Our medieval village, Eymet, has all the amenities that make country living so relaxing - boulangeries, bistros, bars; a Maison de la Presse (English newspapers, magazines & books for sale), Post Office, etc. There are also quite a few dining options - from a modest but delicious pizzeria where enthusiastic diners spill out onto the square nightly enjoying favorites and friends in a convivial setting to an elegant and exquisitely delicious restaurant that will remind you of Paris (except the prices!). Preparing food at home is a wonderful option, too - especially each Thursday when you come home with bags heavy laden with the ripest of fruits and freshest of produce. 

Twenty minutes by car and you’re at the fairy tale castle of Monbazillac, touring the Chateau or sipping the sweet white wine of the same name, which the locals drink with dessert or more often with another specialty of the region, foie gras. One of our favorite restaurants is in Monbazillac and the food is as good as the scenery is: spectacular. 

Ten minutes beyond Monbazillac finds you in Bergerac, the capital of the Perigord Poupre, made famous by the love-sick Musketeer, Cyrano. Bergerac's twice weekly Farmer’s Market engulfs the Church with fresh, local produce. Don't miss the Maison des Vins, where you may taste and sniff as many local wines are you are able. At Bergerac, you can explore Old Town by foot or take a relaxing gabarre (flat bottom boat) ride and travel lazily along the Dordogne River.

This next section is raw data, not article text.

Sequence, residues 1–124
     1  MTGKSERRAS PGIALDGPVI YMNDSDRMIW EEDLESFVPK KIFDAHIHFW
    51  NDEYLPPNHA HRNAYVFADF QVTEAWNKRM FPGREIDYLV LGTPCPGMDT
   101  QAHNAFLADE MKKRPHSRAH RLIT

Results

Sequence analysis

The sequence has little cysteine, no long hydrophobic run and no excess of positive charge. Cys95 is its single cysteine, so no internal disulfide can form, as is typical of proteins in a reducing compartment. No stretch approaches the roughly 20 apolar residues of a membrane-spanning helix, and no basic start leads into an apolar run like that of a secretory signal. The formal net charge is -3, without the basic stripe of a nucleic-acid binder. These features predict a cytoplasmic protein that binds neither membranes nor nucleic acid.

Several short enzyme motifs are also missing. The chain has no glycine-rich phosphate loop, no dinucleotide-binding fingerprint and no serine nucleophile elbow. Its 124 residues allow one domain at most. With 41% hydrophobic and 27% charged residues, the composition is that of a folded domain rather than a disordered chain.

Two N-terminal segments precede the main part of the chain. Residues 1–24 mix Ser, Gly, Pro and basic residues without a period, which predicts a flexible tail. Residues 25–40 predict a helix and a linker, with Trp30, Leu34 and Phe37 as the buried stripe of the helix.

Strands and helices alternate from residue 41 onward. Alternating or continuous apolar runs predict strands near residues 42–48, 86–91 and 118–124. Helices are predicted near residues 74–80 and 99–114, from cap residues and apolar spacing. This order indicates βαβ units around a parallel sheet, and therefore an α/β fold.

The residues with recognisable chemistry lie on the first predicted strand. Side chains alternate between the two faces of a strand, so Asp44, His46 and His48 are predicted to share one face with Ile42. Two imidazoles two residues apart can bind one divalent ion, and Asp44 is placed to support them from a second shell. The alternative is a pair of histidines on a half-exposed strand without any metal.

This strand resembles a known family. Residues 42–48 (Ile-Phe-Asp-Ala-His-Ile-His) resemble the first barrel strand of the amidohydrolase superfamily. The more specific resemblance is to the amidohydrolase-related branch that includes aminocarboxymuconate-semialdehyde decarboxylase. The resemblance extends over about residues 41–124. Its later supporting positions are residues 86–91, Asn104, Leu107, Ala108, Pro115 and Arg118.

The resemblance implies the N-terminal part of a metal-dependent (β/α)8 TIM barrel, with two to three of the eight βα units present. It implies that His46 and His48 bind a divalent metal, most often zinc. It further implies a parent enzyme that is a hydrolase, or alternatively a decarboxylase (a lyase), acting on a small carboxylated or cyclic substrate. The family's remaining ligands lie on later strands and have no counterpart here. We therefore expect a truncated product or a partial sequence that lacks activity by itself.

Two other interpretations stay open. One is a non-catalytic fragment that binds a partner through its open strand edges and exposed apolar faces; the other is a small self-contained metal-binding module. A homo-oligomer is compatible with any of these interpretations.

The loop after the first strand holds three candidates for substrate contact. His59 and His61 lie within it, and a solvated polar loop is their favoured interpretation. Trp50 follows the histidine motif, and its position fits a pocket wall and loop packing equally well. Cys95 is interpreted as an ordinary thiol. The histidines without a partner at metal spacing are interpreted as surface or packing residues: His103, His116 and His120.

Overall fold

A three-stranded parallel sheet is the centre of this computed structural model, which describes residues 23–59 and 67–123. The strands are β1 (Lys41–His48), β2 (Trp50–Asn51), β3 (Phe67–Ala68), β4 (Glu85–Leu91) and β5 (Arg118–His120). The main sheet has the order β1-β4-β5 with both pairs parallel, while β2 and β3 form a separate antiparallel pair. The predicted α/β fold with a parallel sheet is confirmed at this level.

Within a 30 minute radius, grand chateaux and simple wineries welcome you and offer you samples of their Bergerac sec (white wine), Pecharment (red wine) and of course Monbazillac wine. If you enjoy Farmer’s Markets, you can find one everyday and depending upon the season, you can gorge on white asparagus, tiny wild strawberries or perfectly ripened peaches. If you like antiquing or searching for bargains, then the brocantes (antique fairs) and vide greniers (literally empty the attic) held in different villages and towns each weekend throughout the summer, are for you. Our hometown has at least 3 during the summer.

Sightseeing is easy with Petit Glycine as your base. Beautifully preserved medieval hilltowns like Beynac and Castelnaud with their fabulous fortress chateaux, medieval bastides (planned towns) created by English and French rivals during the 100 Years Wars, of which nearby Monpazier is the best preserved. Then there are Sarlat and Brantome and their nearby Renaissance pleasure chateaux. 

And of course, there are the caves with prehistoric paintings from Lascaux to Font de Gaume and Rouffignac (where you visit the cave by electric train) that are not to be missed. From late July through mid-August, medieval fairs abound - with actors, dancers and musicians all in period costume, you'll be transported back in time.

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